The politics of Covid-19: the frictions and promises of mutual aid

Thousands of mutual aid groups have sprung up around the UK, grounded in different experiences and perspectives. Amardeep Singh Dhillon asks: Whose vision of community-serving work will win out?

‘The group is not built on the idea of a charitable donation of time and effort, but on the principle that at any time, any member could need help or have something to offer’ – the onboarding document of a London mutual aid group.

In March, a group of volunteers in Lewisham, south London, set up the first Covid-19 Mutual Aid group to facilitate care efforts for those self-isolating due to the pandemic. Focused on immediate needs, their efforts included picking up prescriptions, delivering groceries, dog-walking and regular check-ins for people living alone. Six weeks on, Covid-19 Mutual Aid UK is coordinating thousands of similar networks across the UK and providing best practice and safeguarding guidance to incredibly diverse groups of people – all working under the banner of ‘mutual aid’ within their own communities. The rate of response has been staggering, as has the scale of need and scope of aid provision, sometimes where none previously existed.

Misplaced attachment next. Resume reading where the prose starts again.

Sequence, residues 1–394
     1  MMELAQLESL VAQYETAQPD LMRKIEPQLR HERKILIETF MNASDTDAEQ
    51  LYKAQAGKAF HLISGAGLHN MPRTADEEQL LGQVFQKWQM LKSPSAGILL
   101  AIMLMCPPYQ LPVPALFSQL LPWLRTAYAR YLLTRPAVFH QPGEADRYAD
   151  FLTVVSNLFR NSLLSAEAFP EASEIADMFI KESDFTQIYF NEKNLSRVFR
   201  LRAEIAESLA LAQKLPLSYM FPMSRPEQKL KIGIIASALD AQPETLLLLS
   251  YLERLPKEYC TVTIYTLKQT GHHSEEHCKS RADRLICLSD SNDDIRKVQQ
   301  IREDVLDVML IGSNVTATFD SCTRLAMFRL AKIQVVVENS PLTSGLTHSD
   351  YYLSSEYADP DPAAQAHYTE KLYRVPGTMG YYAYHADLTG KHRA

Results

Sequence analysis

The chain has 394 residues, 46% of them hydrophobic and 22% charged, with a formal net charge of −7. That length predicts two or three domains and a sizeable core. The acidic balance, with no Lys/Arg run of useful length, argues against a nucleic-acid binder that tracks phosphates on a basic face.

Summed up as ‘a group of people organis[ing] to meet their own needs, outside of the formal frameworks of charities, NGOs and government,’ the term ‘mutual aid’ has roots in Peter Kropotkin’s early 20th century anarchist writings. It’s been used to describe historical and current indigenous societies, medieval trades guilds, the UK co-operative movement and a host of other networks based on reciprocity and voluntary membership.

[Read the rest of the article on Red Pepper]